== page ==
New legislation expected to be introduced as the legislative session in February would penalize distracted drivers similarly to drunk drivers.
The distracted driver bill proposes that drivers found using a mobile device while driving could face up to a year in prison. The bill differentiates distracted driving caused by using mobile devices from other types of distracted driving like eating, drinking and smoking.
Oregon Senate President Peter Courtney is leading the effort. According to Courtney, a distracted driver crash occurs every 2.5 hours and a person is injured in a distracted driving crash every three hours.
If the bill would become law, drivers who text, use social media or talk on the phone could face thousands of dollars in fines and even jail time.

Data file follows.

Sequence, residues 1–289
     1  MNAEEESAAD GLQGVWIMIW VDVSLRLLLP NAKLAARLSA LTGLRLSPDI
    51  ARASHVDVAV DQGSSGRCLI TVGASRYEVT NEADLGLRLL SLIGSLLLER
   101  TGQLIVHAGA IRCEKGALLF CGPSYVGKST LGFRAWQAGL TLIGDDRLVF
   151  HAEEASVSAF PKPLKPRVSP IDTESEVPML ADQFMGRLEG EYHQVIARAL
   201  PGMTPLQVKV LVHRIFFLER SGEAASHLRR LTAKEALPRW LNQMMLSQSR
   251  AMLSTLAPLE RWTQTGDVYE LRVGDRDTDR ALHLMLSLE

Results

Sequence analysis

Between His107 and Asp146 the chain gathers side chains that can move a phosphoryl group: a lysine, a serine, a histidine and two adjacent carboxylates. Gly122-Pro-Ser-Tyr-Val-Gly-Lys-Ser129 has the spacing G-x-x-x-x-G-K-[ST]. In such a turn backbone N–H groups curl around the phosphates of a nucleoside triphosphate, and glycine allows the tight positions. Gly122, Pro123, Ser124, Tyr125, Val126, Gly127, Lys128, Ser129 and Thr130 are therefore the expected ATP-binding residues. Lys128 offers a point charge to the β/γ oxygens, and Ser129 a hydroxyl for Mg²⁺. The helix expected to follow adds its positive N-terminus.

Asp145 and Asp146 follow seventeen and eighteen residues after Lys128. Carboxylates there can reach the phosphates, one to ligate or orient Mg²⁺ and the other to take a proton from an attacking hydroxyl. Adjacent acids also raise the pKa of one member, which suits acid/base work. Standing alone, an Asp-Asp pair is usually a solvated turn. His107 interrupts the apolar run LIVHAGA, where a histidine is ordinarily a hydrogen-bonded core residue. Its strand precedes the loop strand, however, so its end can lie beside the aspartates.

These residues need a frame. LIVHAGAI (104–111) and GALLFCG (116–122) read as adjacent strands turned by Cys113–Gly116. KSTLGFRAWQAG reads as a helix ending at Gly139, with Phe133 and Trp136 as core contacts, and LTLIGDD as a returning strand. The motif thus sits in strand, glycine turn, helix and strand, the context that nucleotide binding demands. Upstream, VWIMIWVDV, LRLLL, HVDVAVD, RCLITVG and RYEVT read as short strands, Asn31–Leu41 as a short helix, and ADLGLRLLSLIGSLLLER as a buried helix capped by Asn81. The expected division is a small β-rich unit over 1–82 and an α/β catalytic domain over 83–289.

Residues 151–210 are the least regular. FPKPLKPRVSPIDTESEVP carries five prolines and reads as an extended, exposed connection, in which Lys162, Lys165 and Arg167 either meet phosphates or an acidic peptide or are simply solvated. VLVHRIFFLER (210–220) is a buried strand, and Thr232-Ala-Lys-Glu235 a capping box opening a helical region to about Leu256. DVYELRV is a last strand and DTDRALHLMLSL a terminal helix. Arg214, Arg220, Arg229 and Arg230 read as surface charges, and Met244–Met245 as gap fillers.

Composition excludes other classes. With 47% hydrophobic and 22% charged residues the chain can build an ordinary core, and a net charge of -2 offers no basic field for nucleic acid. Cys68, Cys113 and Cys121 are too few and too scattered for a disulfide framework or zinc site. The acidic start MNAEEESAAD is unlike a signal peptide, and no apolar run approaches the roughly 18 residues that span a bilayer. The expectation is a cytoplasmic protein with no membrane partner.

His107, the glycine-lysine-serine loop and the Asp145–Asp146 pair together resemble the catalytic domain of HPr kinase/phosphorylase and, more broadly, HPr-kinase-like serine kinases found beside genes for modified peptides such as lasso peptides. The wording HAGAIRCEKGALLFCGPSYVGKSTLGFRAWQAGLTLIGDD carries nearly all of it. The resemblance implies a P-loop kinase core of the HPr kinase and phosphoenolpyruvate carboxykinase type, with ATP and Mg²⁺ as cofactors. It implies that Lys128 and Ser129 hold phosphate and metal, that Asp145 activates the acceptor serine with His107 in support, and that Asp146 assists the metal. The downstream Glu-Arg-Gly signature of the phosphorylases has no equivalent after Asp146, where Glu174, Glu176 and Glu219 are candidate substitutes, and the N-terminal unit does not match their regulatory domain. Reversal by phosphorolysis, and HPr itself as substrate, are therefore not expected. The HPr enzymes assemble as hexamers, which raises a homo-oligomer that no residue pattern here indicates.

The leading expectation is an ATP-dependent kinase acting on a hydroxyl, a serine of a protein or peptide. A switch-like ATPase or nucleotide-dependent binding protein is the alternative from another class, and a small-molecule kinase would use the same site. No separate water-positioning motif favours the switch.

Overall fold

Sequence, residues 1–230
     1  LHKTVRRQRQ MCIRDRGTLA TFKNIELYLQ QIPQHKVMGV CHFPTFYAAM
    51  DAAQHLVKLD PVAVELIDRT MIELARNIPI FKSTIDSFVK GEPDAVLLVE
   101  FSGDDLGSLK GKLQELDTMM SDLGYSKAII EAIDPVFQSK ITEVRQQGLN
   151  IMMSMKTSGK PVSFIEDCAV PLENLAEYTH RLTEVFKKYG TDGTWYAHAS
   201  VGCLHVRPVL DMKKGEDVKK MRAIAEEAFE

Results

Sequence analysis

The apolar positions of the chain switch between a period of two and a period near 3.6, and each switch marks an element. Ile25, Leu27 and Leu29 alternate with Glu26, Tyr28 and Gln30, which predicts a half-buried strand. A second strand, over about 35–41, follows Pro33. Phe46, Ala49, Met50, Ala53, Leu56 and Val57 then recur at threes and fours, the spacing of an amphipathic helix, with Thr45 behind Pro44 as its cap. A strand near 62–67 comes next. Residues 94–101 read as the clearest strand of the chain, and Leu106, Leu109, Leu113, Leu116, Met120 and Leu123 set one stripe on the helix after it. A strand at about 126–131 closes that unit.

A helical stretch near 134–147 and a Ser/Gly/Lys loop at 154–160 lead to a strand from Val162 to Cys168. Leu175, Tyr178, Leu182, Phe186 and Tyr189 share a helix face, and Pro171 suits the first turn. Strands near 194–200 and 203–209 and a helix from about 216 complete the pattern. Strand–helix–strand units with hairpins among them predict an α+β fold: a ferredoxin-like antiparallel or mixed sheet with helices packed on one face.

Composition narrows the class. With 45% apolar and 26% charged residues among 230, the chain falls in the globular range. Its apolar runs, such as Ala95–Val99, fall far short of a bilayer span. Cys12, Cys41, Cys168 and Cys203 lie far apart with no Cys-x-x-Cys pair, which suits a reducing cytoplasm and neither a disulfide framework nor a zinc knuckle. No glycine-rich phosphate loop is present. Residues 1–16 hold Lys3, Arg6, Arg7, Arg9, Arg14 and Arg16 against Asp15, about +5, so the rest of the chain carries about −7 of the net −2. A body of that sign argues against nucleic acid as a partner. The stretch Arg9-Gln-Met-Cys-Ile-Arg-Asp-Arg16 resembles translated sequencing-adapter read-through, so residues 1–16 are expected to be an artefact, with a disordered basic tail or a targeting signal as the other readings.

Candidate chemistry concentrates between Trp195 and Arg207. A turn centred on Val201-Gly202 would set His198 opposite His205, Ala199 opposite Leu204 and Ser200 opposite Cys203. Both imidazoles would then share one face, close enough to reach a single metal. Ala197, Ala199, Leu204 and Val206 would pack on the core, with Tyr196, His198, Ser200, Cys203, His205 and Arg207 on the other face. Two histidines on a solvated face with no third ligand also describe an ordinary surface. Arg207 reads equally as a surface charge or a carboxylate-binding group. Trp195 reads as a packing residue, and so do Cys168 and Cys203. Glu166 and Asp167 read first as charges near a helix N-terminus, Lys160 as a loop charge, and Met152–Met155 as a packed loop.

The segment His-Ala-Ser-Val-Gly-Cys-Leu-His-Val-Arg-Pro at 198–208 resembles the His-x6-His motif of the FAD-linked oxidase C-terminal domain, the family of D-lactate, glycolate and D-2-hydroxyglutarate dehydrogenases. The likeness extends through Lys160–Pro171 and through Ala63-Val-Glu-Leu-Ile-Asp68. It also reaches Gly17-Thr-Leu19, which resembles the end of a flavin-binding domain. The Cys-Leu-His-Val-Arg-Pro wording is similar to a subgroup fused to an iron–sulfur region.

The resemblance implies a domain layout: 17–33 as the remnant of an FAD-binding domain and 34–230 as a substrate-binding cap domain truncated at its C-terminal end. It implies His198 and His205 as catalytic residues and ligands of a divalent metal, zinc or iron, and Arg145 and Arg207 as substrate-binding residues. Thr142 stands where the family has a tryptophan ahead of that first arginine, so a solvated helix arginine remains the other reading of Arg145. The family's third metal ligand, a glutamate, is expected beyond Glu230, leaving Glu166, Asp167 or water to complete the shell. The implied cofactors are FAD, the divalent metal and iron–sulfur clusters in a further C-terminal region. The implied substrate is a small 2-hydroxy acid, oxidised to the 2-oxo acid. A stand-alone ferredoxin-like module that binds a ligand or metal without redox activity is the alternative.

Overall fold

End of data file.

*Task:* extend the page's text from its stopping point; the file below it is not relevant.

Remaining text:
A first time offense would carry a maximum of up to one year in prison, a $6,250 fine or both. A repeat offender would face stiffer fines. A second-time offender would face $1,500 and a third-time offender up to $2,000. A driver stopped three or more times in a 10-year period could face a felony, up to five years in prison and a $125,000 fine.
Between 2005 and 2012, drunk driving fatalities decreased by 28 percent, but distracted driving fatalities increased by the same amount.
The current law makes it illegal only to communicate using a mobile device while driving, but the bill could change that to include text messaging, talking, navigation, accessing the internet or reading emails.
In addition to the new measures, the proposed law would wipe out current exceptions for cell phone use while driving. It would only allow for use if calling for emergency medical assistance, operating an ambulance or emergency vehicle or using a hands-free accessory.
The proposal would modify Oregon’s existing cell phone law (ORS 811.507)
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